Tried to reach J-2 or installation for 3 furs. upon arrival at Oio De Agua - officials (one civilian clothed, Engligh speaking) asked us to divert from original flight RQ to an urgent recon of shelled area - no response frm J-2 need e cisted - we diverted - to area suspected as Ocotol, Nic. entered @ Danli thru valley to El Paraiso Landed north of good size town in soccer field - stayed about +5 min &c departed to north - up river valley Noc Rcd radar from C~ & NIC inbound lost on APR39 throughout terrain flight no further contact until climbed appx 750' agl. Suspect violation of boarder - debriefed by Col at Ojo de Agua - no one big enough in your chain - repeated no one should know where we had been. Col was not Honduran mil (different uniform) black e greying hair strong face. very intelligent & knowledgeable of contra activities, name uns - our aircraft did not have red chgs - gun shot by crowd - offender aprehended by flt crew. Adv North via Rodriguez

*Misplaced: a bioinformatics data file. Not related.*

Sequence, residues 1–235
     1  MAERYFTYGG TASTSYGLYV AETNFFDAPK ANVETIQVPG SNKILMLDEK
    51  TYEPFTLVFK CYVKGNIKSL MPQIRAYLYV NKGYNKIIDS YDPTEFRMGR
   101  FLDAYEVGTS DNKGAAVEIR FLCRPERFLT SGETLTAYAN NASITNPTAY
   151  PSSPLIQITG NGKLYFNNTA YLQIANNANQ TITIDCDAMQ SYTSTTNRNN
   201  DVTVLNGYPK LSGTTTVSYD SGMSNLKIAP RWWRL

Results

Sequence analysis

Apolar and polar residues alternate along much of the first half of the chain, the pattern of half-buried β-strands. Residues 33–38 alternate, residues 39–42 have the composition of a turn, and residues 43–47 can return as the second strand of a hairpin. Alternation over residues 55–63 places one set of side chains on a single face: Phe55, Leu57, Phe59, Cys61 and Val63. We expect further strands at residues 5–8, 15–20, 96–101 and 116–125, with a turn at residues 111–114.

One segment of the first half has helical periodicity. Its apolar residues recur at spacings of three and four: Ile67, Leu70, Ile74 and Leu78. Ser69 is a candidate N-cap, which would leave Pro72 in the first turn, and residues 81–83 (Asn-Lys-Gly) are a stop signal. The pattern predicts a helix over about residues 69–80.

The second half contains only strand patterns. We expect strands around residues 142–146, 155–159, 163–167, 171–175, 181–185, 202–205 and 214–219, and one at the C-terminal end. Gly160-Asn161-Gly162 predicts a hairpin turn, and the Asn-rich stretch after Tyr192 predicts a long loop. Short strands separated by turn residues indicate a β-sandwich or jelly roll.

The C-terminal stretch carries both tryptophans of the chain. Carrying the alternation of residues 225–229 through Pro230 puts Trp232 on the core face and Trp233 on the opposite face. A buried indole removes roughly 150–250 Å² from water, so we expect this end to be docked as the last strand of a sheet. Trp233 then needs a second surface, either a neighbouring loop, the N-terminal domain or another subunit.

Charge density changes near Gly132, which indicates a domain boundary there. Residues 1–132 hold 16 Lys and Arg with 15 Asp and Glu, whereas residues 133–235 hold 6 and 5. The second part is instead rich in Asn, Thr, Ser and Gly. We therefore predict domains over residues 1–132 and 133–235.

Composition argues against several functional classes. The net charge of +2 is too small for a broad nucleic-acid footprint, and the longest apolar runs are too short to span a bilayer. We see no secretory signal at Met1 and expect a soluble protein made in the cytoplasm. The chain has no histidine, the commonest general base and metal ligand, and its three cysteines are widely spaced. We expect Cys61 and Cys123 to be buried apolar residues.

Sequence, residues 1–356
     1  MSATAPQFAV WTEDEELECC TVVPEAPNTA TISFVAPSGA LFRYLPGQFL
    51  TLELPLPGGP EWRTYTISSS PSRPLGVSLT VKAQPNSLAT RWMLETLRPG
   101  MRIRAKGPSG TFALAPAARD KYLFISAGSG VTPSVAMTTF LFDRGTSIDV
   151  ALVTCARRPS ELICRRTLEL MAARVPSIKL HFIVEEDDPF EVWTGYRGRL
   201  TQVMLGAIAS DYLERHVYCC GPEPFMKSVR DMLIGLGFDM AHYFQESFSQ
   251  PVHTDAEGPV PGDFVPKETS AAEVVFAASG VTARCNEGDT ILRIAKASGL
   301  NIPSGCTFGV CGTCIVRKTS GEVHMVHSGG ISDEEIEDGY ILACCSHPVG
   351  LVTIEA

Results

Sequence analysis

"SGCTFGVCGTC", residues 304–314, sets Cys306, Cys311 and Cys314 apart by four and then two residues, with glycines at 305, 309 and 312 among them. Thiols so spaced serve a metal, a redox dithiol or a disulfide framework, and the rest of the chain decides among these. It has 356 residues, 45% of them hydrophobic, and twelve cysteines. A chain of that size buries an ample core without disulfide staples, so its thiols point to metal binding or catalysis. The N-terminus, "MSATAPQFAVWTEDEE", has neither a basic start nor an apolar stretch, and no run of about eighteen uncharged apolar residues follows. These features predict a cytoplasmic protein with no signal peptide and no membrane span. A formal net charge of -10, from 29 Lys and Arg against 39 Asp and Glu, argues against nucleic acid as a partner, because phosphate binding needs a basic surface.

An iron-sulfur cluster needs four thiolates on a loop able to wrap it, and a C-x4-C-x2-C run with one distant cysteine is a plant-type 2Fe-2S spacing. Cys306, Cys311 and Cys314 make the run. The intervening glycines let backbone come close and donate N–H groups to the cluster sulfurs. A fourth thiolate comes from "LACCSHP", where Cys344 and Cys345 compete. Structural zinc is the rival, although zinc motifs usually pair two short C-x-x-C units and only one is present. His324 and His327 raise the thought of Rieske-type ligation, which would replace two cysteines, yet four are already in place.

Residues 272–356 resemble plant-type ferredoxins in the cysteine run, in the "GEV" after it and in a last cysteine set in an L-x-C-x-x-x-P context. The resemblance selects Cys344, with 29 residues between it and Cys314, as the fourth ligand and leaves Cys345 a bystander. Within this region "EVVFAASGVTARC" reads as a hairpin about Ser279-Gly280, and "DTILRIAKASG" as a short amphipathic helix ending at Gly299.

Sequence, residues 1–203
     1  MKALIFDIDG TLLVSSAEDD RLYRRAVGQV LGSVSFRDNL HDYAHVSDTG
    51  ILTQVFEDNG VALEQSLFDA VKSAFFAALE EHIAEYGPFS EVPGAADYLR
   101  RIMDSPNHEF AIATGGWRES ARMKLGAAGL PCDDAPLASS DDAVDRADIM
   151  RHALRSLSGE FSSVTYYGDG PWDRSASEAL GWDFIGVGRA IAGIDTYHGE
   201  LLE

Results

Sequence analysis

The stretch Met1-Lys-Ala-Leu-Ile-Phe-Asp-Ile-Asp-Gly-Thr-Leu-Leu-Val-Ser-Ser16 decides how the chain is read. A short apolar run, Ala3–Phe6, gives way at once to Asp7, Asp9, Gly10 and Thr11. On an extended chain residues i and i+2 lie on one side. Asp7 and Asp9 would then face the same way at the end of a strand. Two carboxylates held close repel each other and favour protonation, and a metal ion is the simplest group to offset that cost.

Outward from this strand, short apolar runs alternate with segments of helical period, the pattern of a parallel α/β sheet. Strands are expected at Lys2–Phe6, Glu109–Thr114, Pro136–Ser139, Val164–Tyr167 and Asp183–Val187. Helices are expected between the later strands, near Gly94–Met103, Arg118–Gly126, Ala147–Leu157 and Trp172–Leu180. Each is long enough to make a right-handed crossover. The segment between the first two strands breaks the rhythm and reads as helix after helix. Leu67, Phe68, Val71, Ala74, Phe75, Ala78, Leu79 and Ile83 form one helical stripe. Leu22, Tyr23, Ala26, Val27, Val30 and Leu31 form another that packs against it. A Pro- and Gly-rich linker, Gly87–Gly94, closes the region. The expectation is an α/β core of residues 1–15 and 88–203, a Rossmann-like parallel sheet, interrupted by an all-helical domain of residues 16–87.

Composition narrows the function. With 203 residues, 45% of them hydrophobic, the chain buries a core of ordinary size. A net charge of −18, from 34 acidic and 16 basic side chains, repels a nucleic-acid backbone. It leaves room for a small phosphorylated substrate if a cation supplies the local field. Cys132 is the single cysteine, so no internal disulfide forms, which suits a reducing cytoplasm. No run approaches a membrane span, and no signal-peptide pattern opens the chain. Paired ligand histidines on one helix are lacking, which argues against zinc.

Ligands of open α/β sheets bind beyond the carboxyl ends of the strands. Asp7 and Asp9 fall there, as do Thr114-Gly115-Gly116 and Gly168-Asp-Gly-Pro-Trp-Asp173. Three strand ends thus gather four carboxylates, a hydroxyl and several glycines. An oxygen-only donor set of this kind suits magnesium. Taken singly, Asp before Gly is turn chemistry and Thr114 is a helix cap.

Note: El Porvinir & Ocotel are in Nicanam
15 March, 1985